How Safe is My House?

How Safe is My House?
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Mayon Volcano Bulletin 24 PDF Print
Wednesday, 06 January 2010 09:59

06 January 2010

7:00 AM

 

For the past 24 hours, the seismic network around Mayon Volcano (13.2576 N, 123.6856 E) detected 4 volcanic earthquakes and 21 rockfall events related to the detachment of lava fragments at the volcano’s upper slopes.   Emission of moderate volume of white steam was observed at the summit crater during cloud breaks yesterday.  Pale crater glow was observed last night.  Sulfur Dioxide (SO2) emission rate measured yesterday yielded an average value of 1,914 tonnes /day.

 

Interaction of rain water with the hot  lava deposits  caused 50-meter high dirty white clouds that drifted towards southwest. These occurred along Bonga gully, about 300 meters downslope of the summit crater at 7:09 AM and 7:15 AM yesterday.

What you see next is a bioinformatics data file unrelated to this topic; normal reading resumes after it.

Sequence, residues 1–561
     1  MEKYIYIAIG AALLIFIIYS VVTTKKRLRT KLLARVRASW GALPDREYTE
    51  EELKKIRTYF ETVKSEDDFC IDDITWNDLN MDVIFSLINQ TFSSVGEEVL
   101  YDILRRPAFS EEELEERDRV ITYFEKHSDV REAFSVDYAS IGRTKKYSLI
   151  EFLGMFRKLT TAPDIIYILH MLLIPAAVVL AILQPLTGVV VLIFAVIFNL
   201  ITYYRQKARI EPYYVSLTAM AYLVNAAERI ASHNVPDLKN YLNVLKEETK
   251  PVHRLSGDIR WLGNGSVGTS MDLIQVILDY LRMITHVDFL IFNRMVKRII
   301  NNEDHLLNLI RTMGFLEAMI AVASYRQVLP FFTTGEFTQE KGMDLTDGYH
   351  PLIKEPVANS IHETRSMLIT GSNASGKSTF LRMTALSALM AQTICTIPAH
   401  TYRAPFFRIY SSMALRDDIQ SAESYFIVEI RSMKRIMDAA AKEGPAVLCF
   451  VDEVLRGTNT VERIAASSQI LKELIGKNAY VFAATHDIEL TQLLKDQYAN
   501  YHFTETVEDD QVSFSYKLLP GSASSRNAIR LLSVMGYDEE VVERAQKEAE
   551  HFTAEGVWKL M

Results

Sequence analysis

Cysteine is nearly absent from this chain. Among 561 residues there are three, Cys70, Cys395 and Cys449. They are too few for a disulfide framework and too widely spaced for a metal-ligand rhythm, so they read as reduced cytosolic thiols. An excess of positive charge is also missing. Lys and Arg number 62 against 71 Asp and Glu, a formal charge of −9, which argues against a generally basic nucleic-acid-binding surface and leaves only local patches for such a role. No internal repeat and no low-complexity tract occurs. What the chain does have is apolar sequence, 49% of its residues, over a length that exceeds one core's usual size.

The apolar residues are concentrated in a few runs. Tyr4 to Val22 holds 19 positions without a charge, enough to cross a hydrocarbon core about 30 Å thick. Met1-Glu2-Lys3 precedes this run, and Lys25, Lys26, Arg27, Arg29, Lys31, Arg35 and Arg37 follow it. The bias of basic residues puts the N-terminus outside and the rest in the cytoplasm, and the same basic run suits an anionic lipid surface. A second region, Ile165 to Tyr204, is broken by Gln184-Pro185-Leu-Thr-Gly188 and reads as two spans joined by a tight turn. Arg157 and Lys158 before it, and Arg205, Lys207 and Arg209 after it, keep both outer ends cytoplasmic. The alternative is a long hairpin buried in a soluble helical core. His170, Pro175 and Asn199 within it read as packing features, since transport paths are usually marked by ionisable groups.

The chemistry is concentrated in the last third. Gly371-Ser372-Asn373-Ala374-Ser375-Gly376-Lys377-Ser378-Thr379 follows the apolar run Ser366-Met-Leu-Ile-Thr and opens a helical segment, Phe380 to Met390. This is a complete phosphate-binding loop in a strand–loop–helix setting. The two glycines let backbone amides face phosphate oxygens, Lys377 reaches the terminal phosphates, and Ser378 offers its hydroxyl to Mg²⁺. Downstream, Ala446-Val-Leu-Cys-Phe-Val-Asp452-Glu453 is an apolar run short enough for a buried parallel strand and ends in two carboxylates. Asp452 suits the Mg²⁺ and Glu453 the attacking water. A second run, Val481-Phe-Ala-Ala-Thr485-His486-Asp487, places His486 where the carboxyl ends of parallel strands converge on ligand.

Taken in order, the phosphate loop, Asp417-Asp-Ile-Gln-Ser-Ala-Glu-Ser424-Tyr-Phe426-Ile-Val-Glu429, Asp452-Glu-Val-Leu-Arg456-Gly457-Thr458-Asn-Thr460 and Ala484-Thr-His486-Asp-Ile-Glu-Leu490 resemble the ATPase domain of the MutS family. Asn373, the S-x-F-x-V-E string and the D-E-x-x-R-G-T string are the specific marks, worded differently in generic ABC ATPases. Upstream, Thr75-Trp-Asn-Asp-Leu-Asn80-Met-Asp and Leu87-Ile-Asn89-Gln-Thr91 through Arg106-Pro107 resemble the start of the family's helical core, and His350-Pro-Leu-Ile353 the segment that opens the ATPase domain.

Alert Level 3 is in effect over Mayon, which means that the 6-km radius Permanent Danger Zone (PDZ) around the volcano and the 7-km Extended Danger Zone (EDZ) on the southeast flank of the volcano should be free from human activity because of sudden explosions that may generate hazardous volcanic flows.  People residing close to these danger areas are also advised to observe precautions associated with post-eruption activity, such as rockfalls, pyroclastic flows, and ash fallout which can also occur anytime due to instabilities of lava deposited on steep slopes.  Active river channels and those perennially identified as lahar prone in the southern sector should also be avoided especially during bad weather conditions or when there is heavy and prolonged rainfall. Civil aviation authorities must advise pilots to avoid flying close to the volcano’s summit as ejected ash and volcanic fragments from sudden explosions may pose hazards to aircrafts. PHIVOLCS-DOST is closely monitoring Mayon Volcano’s activity and any new significant development will be immediately posted to all concerned.
 

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